The Cumbrian Coast Express, also behind Lord Nelson, was the reason for another visit up to Seascale, dropping off passengers for the Ravenglass and Eskdale. David then showed us some of the geological wonders of the area - the limestone pavements at Malham Cove and Swaledale Buttertubs - and also visiting the memorial at Chapel le Dale to those who lost their lives building the S and C.
David brought his session to a close with shots of his 2006 cab ride courtesy of EWS from Gascoigne Wood to Carlisle giving a different perspective to the journey passing through the 1981 locations and seeing them in a different light, thriving and, at times, too busy.
The session brought a favourable reaction from those engaged with it and everyone appreciated David's and Iain's efforts in bringing the talk together and making it happen. Well done all round.
11 March 2020
The Sittingbourne and Kemsley Light Railway presented by Paul Best
The SKLR is a preserved narrow gauge line in north Kent on part of a once extensive system serving Bowater's paper mills. I was keen to find out more about the railway as I and, it seemed, many of those present at our meeting, had never visited. Paul Best, a resident of Fleet, has been a volunteer at the line for many years and is the Vice-Chairman of the preservation group.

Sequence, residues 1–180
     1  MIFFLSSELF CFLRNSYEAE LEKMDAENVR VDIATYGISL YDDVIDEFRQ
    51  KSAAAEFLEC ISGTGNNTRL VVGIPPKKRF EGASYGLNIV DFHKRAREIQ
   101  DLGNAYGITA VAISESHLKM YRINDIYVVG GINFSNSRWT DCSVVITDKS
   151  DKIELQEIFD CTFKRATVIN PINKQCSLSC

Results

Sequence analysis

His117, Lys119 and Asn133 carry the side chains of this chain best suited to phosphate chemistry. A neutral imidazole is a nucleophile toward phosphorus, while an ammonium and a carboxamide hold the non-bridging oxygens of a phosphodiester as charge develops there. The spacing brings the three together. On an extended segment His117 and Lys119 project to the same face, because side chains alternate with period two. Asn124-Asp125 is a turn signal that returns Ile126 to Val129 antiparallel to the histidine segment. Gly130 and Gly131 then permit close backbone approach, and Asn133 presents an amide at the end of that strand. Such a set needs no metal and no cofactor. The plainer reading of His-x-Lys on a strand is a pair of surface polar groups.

There is a 300-year history of paper-making in Sittingbourne and some evidence of an early railway system but the story of what is now the preserved line really began with the purchase of three steam locomotives in 1905. They were used to move imported raw materials from a wharf at Sittingbourne to the mill. The creek on which this wharf was situated soon silted up and a new wharf at Ridham Dock was opened in 1913 and the rail system was extended to serve it.
More locomotives were purchased during the 1920s and 1930s, mainly from Kerr Stuart and Bagnall, ranging from 0-4-2 saddletanks to a large articulated 0-4-4-0T, all fitted with distinctive 'balloon' chimneys containing spark arresters. A passenger service for workers operated 24 hours a day and Bowater's also operated standard gauge locomotives on a connection to the Sheerness branch. The use of the railway ceased in 1969 but at the initiative of Bowater's, part was preserved and opened to the public in 1970.
Paul's knowledge of the railway is extensive and his presentation was packed with facts – rather too many, in some ways, and I found it a little confusing. It was only half way through that he mentioned the gauge of the railway (an unusual 2 foot 6 inches) and I never did find out how long the railway was or what length is preserved. Unfortunately the digital programme that he used was set to move the pictures on every few seconds and he frequently had to return to a previous picture while he spoke.